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|Subject: How Many Bonds?||Date: 11/12/2012 12:18 PM|
|Author: trader2012||Number: 34489 of 35499|
The bond market is closed today (for Armistice Day), but other markets are open. So it’s a working day for me, as is every Monday, and I was poking around at E*Trade when I noticed a link to a paper published by Bond Desk on “estimating the number of individual bonds required to minimize the impact of default risk”. Here’s a snippet:
“Another implication is that credit quality is more important than individual security selection. A diversified portfolio of 10 or more investment grade bonds (rating grades between AAA-BBB) should be protected against extreme default losses. “ http://www.bonddeskgroup.com/sites/all/themes/bonddesktheme/...
As you work your way through the paper, you cannot but be impressed with the thoughtfulness of their methodology. But when you reach their conclusion (that just ten bonds might be enough to keep you out of trouble), you should conclude that the paper is either wishful thinking, or mere cleverness, but it certainly is not a responsible effort to manage risk. In short, it is nothing that you’d want to use as the cornerstone of your risk-management policy. To see why/how this is so, merely think back a couple of years to 2007-2008. What was the rating on Lehman’s debt before they went under? On WAMU’s debt? On CIT’s debt? And what were the recovery-rates to bond-holders? All were rated invest-grade before they failed. But if any of them had been part of a ten-bond, fixed-income portfolio, sizable losses would have been suffered.
Roughly speaking, Lehman, WAMU, and CIT could be categorized as ‘financials’, and it wouldn’t have been unreasonable to have had some exposure to ‘financials’ in a ten-bond portfolio (along with exposure to retailers, industrials, energy, utilities, etc.) In other words, the fact that it was Lehman, CIT, and WAMU that went under, rather than JPM, BAC, etc. is incidental. Any of them could have suffered Lehman’s fate, because all of them were screwing around with counter-party risks. That’s what ‘financials’ do. They know the Fed will backstop them. They know they have been given a license to “privatize profits and socialize losses”. So they do the rational thing and exercise that license to the max, meaning, they will blow themselves up sooner or later, and bond-holders will take a haircut (though the principals will make out quite nicely).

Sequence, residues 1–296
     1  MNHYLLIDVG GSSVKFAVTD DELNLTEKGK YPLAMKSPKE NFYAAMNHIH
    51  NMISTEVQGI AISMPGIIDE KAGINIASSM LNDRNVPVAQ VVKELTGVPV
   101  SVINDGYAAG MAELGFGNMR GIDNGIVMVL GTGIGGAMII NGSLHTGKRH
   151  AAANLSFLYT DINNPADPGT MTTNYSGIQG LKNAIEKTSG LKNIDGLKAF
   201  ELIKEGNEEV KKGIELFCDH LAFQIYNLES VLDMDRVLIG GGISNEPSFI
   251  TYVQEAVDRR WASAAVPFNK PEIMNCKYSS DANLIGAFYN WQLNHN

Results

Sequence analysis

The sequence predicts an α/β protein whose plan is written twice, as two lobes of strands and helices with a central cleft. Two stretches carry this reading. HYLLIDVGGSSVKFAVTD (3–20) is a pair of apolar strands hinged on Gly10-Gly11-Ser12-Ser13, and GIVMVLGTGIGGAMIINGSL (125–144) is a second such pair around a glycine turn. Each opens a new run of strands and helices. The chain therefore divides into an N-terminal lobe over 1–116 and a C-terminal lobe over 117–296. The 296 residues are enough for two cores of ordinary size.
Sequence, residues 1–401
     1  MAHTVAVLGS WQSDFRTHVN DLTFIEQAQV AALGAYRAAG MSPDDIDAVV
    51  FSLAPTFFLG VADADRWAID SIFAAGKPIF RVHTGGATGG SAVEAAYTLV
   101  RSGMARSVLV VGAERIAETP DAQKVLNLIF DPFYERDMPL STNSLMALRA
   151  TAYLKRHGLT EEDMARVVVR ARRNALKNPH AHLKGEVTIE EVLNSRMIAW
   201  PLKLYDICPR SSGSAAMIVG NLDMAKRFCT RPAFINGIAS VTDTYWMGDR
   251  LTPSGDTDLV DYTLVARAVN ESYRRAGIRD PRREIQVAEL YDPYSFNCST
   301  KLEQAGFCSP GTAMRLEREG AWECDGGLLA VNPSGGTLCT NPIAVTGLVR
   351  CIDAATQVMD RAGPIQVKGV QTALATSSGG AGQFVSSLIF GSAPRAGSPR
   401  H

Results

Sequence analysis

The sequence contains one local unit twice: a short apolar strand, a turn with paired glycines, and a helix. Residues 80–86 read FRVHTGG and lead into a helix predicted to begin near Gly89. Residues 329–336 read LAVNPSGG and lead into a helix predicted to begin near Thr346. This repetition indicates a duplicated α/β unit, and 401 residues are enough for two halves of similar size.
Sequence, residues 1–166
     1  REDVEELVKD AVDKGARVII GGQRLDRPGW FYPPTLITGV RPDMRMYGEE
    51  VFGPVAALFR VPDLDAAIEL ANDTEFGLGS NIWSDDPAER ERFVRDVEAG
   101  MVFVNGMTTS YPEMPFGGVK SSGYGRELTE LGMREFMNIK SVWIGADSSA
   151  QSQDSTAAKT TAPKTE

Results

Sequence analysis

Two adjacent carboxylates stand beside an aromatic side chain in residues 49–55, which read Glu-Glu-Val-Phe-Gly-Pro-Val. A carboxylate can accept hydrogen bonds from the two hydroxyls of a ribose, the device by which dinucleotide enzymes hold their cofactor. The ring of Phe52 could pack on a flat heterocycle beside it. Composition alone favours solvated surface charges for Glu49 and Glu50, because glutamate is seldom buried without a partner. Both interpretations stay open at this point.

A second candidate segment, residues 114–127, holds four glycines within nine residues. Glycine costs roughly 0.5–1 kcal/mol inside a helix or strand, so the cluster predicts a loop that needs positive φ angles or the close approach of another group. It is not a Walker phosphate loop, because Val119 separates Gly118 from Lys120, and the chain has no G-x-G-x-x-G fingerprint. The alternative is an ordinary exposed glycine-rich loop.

So, create a properly-diversified, invest-grade, ten-bond portfolio, and do your buying at par. Assume that one of your positions blows up and that the recovery-rate is a generous, $0.25 on the dollar. What will be the impact on P/L across the whole portfolio? Across any realistic time-frame, that single default puts the whole portfolio underwater, as in, you’re not making any money and would have been better off burying your capital in the backyard. In other words, as I’ve said repeatedly about the bond-game as it is conventionally explained to would-be, fixed-income investors: What might seem safe really isn’t.
What, then, is the magic number of bonds such that suffering defaults could be tolerated? The honest answer is that the number of bonds is only one of the factors that has to be considered, and that ’ten’ is merely a good start. In other words, responsibly-done bond-investing is no different than any other securities game. No matter the asset-class, you’ve gotta find an edge that creates, on average and over the long haul, a positive expectancy. A ten-bond portfolio will do that. The paper is right in that respect. But such a portfolio carries more risk than most investors should accept, because it fails to minimize to a tolerable level the consequences of a failure when it does happen. Ask yourself this: “Would you rather lose one position in ten, or one in forty?” “Would you rather lose a position for which you paid par (or a premium to par) as opposed to one that you bought a steep discount to par?”
Sometime, when you’re truly bored, work out for yourself the consequences of suffering such-and-such failure and recovery-rates, over a portfolio of X number of bonds, bought at an average price of Y, offering an average YTM of Z. What you’ll find is that ten bonds isn't your final target, but merely a good beginning.
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